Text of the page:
The Taste of Tomorrow

One of the unique challenges in writing a book —  for a short and middle-distance journalist like myself — is time.

Everything takes exponentially longer — the reporting stage, the drafting stage, the revising stage, the editor feedback stage, the legal review stage.   And then, when The Book is done, you enter this next-production stage that operates at a seemingly 19th Century pace.

Meanwhile…. while The Book slouches towards completion, the book’s characters do things  — they’re opening new restaurants,  finding new species of fish, experimenting with new herbs, using anaerobic digesters to increase the efficiency of waste, trying new growth media to spawn pork stem cells.

One of the missions of the ToT: The Zine is to provide updates on some of the book’s star characters and issues  (of course, since only about 30 people have read the advance copy of the book, these updates are not that meaningful to many as of March 2012…)

BUT, we’ll start keeping track now.

Open Blue's cobia

Not to totally blow the suspense of the book…. but two men named Dan Benetti and Brian O’Hanlon, a fish called called cobia, and a method of fish farming called open ocean aquaculture figure prominently in the story.  Benetti is, you might say, Patient Zero — he piqued my fascination in the world of marine aquaculture, and, ultimately, in the world of food innovation.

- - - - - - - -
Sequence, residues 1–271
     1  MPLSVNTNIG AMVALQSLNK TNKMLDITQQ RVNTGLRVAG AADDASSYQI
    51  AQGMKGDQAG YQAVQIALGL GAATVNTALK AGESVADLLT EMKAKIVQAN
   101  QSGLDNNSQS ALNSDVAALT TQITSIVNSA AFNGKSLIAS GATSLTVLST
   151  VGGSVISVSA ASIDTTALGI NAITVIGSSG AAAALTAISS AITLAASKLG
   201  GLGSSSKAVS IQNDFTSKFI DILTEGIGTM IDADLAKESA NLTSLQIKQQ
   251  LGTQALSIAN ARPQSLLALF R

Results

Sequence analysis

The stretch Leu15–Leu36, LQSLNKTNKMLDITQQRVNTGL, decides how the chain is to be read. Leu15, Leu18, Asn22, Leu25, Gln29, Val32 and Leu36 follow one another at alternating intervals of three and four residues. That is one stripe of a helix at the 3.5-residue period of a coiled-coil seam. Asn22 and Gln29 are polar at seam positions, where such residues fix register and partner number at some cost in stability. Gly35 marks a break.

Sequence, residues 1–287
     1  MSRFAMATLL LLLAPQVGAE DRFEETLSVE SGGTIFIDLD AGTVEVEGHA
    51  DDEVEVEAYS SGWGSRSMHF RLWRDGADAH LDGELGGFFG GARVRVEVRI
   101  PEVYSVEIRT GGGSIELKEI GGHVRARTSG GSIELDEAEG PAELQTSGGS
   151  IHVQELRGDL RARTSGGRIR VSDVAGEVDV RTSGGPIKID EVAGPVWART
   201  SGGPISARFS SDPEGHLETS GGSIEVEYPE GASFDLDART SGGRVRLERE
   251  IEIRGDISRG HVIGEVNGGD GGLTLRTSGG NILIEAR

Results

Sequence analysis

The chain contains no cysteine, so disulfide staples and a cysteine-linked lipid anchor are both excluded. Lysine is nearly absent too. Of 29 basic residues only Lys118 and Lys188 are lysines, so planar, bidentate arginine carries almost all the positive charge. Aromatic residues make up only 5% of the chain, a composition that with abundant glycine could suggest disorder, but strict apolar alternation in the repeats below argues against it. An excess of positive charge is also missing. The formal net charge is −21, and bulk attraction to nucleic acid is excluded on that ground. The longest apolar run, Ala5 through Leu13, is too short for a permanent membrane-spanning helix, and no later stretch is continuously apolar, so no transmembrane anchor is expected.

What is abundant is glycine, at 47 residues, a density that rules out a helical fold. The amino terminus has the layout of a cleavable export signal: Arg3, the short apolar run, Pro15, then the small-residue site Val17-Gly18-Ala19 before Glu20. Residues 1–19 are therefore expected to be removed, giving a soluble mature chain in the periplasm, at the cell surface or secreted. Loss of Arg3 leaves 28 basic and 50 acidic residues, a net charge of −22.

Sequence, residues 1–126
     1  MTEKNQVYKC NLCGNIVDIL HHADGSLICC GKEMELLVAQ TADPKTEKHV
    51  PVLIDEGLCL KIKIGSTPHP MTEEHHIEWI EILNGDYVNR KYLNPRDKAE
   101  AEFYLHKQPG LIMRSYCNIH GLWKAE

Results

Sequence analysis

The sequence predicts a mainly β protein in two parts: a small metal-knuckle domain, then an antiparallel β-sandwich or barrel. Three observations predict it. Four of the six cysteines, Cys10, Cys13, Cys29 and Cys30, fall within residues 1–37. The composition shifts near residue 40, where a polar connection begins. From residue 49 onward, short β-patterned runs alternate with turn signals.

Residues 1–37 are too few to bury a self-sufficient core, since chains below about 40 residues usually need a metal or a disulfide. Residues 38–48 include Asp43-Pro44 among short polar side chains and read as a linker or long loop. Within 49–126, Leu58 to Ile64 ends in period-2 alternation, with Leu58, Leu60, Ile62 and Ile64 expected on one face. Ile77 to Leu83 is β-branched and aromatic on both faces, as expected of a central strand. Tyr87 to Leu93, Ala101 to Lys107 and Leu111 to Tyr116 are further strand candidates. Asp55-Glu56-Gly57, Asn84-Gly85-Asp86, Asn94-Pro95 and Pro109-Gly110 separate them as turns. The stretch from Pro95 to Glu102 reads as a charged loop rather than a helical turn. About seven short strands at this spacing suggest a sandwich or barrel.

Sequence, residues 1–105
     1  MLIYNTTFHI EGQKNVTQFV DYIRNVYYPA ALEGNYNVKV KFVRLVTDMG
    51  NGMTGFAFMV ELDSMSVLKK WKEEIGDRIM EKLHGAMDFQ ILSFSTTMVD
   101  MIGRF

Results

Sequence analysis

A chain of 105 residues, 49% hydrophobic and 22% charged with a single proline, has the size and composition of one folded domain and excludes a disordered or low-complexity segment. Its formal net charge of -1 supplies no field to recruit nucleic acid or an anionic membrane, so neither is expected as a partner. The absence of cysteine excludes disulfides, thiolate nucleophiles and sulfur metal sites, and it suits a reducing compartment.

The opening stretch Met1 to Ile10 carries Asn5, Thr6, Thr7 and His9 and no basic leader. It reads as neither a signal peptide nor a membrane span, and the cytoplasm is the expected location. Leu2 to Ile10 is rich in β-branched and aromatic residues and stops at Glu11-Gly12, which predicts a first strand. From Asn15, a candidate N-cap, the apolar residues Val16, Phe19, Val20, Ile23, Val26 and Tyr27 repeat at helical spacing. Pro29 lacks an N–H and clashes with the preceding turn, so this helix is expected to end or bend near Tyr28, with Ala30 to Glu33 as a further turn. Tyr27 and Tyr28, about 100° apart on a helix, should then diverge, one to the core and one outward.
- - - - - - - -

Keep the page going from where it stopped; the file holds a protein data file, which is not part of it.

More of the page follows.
The big news is that his protege,  Brian O’Hanlon, one of the first cobia farmers in North America, and one of the first to try open ocean aquaculture,  has been doing very well since I last met him.  He’s now the leading supplier of cobia in North America.  And he’s going to the International Boston Seafood Show next week.

(Teaser for book:  the fact that O’Hanlon’s Open Blue Sea Farms has a booth, and is selling fish, at Boston is a big deal. )

We’ll keep you posted on the progress of cobia, and ecologically-sensitive methods of aquaculture,  on this site.

Meantime, here’s some background — a link to the Open Blue site,  and a Miami New Times story “A Fish Farmer’s Tale” from five years ago.

One other update on people, places, food in the book (for the 32 people who have read the book so far)

Remember Jacky’s, the bistro-like restaurant featured in chapter 10, p175? It’s the site of a fateful moment where the mano-a-mano taste test of cobia and barramundi occurs. Jacky’s, beloved by the author, has changed names. It’s now called Hota.  We’ll have more on the new Jacky’s in a follow-up post.

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